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Front Physiol. 2012 Dec 31;3:466. doi: 10.3389/fphys.2012.00466. eCollection 2012.

A Systems Biology Study on NFκB Signaling in Primary Mouse Hepatocytes.

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1
Institute of Pathology, University Hospital of Heidelberg Heidelberg, Germany.

Abstract

The cytokine tumor necrosis factor-alpha (TNFα) is one of the key factors during the priming phase of liver regeneration as well as in hepatocarcinogenesis. TNFα activates the nuclear factor κ-light-chain-enhancer of activated B cells (NFκB) signaling pathway and contributes to the conversion of quiescent hepatocytes to activated hepatocytes that are able to proliferate in response to growth factor stimulation. Different mathematical models have been previously established for TNFα/NFκB signaling in the context of tumor cells. Combining these mathematical models with time-resolved measurements of expression and phosphorylation of TNFα/NFκB pathway constituents in primary mouse hepatocytes revealed that an additional phosphorylation step of the NFκB isoform p65 has to be considered in the mathematical model in order to sufficiently describe the dynamics of pathway activation in the primary cells. Also, we addressed the role of basal protein turnover by experimentally measuring the degradation rate of pivotal players in the absence of TNFα and including this information in the model. To elucidate the impact of variations in the protein degradation rates on TNFα/NFκB signaling on the overall dynamic behavior we used global sensitivity analysis that accounts for parameter uncertainties and showed that degradation and translation of p65 had a major impact on the amplitude and the integral of p65 phosphorylation. Finally, our mathematical model of TNFα/NFκB signaling was able to predict the time-course of the complex formation of p65 and of the inhibitor of NFκB (IκB) in primary mouse hepatocytes, which was experimentally verified. Hence, we here present a mathematical model for TNFα/NFκB signaling in primary mouse hepatocytes that provides an important basis to quantitatively disentangle the complex interplay of multiple factors in liver regeneration and tumorigenesis.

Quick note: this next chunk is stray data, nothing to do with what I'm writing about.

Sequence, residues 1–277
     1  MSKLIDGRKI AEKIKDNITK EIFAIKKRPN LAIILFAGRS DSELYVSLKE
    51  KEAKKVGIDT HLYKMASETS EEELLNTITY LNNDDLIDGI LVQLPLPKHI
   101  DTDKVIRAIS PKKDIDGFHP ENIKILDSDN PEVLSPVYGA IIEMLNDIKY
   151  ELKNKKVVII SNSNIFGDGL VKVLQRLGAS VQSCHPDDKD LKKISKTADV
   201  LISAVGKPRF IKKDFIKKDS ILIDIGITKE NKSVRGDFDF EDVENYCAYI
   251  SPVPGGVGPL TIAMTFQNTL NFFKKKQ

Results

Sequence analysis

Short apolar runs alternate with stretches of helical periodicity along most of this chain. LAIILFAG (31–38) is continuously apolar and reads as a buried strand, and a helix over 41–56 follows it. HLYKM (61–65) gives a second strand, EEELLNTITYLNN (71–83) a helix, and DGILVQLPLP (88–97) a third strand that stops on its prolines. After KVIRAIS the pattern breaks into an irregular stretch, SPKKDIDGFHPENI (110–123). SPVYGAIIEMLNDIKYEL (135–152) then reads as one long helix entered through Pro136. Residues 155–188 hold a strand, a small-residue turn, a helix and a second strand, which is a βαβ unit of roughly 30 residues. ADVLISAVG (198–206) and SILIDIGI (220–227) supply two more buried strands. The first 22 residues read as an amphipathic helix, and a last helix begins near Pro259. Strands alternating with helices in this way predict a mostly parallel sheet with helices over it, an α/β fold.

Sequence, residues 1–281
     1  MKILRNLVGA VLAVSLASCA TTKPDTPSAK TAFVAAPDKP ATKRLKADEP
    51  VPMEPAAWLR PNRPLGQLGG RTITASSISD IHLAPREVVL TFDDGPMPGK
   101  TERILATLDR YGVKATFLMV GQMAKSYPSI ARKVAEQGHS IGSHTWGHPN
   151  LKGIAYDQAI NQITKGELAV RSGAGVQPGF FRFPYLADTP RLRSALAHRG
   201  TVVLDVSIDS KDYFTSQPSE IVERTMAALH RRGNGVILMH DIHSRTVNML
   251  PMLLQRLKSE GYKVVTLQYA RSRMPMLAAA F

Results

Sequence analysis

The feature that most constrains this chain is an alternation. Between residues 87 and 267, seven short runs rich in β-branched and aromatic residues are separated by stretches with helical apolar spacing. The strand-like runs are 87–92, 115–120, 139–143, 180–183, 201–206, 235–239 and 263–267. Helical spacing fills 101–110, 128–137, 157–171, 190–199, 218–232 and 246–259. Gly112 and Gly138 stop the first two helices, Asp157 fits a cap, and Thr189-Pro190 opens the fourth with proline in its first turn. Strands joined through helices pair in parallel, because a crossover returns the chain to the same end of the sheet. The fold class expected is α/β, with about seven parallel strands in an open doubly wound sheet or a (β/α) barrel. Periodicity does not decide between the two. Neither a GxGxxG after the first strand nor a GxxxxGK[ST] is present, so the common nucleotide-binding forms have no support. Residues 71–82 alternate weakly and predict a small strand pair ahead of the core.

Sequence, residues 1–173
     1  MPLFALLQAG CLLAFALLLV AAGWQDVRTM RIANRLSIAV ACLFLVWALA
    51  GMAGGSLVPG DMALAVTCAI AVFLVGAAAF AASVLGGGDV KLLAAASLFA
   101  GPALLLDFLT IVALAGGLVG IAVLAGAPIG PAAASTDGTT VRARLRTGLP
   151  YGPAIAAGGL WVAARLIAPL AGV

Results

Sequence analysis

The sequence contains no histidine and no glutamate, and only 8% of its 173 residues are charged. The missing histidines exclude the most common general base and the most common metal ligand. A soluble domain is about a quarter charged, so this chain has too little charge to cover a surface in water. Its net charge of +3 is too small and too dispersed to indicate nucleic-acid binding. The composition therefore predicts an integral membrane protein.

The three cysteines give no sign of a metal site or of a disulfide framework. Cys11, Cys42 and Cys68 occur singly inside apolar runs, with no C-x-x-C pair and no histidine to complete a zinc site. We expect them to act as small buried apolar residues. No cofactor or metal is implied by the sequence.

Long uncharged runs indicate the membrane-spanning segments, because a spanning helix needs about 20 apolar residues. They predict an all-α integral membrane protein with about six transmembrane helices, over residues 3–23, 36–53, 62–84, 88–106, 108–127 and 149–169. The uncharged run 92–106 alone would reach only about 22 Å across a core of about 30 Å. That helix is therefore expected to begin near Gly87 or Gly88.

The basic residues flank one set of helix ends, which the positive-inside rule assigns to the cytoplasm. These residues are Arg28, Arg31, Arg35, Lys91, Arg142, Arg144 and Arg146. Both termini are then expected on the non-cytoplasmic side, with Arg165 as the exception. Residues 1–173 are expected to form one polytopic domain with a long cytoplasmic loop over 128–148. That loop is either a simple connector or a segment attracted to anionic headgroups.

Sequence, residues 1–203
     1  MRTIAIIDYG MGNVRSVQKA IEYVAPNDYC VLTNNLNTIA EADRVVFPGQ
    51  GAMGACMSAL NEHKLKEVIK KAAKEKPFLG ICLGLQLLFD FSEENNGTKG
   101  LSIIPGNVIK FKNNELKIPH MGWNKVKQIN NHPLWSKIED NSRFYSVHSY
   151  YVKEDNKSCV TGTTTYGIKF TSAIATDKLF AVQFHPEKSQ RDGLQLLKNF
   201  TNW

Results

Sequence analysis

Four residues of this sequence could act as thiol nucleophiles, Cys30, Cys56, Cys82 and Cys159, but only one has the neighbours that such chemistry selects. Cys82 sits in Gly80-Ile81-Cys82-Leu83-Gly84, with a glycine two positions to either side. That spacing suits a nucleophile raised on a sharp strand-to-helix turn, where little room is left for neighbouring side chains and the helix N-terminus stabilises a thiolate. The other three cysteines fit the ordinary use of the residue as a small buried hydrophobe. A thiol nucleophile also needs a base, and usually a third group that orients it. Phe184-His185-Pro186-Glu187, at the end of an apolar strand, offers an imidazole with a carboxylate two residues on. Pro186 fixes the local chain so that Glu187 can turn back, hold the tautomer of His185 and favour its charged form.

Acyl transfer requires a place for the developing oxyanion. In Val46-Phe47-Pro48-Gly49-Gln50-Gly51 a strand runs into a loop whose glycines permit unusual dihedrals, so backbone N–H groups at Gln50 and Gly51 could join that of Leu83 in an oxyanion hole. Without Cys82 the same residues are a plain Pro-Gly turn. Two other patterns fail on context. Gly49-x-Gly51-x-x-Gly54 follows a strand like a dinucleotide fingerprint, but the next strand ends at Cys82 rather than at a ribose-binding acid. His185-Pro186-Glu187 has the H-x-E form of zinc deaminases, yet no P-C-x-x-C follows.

KEYWORDS:

IκB; hepatocytes; mathematical modeling; p65; protein degradation; signaling

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